The plaintiff filed a motion to reconsider that had a date stamp of January 4, 2017. The next day, the plaintiff filed a motion seeking for leave to file his motion to reconsider nunc pro tunc, which means in an effort to correct a prior action and to have the newly filed motion deemed timely. In support of this request, the plaintiff alleged that he suffered from an illness and that because of deadlines in other cases that his attorney was handling, he was unable to file by the deadline. He also cited technical difficulties with the website used to file documents. The plaintiff cited a provision in the Illinois Supreme Court Rules regarding system and user errors and attached an affidavit from the attorney’s paralegal describing her attempt to file the document two minutes before midnight on the date it was due.

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Pothole in PavementTrip and fall accidents can have serious and painful consequences for the victim. Although this type of accident may seem minor, the injuries that result can leave you with a lifetime of pain and disabilities. At Therman Law Office, our seasoned team of Chicago premises liability lawyers has confidently assisted numerous victims with asserting their rights following a trip and fall injury.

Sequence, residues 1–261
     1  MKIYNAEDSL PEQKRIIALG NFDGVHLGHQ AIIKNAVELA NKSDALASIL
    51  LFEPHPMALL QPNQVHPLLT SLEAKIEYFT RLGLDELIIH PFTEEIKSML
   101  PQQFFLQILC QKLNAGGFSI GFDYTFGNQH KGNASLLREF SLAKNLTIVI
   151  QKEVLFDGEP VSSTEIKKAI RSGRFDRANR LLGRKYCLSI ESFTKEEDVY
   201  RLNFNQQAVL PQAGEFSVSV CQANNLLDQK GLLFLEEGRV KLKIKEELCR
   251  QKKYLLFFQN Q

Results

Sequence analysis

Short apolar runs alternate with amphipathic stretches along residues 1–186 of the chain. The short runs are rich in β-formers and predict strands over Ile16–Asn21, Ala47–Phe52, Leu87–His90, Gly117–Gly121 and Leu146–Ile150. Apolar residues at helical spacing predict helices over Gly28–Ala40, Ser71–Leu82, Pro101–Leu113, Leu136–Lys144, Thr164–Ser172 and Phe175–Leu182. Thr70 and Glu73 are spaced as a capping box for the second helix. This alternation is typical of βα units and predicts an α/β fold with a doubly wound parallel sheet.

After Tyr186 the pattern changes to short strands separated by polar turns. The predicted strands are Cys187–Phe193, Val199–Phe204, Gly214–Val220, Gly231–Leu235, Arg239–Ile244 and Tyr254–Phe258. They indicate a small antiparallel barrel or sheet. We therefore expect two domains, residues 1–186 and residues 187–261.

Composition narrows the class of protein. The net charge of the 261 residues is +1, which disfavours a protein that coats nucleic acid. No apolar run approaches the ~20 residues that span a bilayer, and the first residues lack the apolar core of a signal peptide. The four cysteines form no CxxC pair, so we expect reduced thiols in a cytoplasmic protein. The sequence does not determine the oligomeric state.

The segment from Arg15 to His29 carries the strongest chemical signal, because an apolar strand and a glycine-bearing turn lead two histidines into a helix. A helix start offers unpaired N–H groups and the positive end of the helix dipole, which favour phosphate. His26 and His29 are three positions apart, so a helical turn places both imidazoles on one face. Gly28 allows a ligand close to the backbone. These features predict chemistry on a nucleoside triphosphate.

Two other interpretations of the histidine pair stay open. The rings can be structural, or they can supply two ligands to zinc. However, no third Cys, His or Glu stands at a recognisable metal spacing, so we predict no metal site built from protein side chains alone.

As a recent appellate opinion demonstrates, many of these accidents take place on a city-owned property. The plaintiff in the action brought a negligence claim against the City of Aurora, alleging that she was injured when she tripped in a depression located in a section of asphalt in a parking lot at a train station. The jury initially returned a verdict in her favor, but the court intervened due to one of the responses that the jury provided on its special verdict form. The question asked whether the depression in the asphalt had a vertical difference of 1.5 inches or less, and the jury responded yes to this question. The court concluded that as a result of this response, the dangerous condition was de minimis and entered a judgment in favor of the defendant.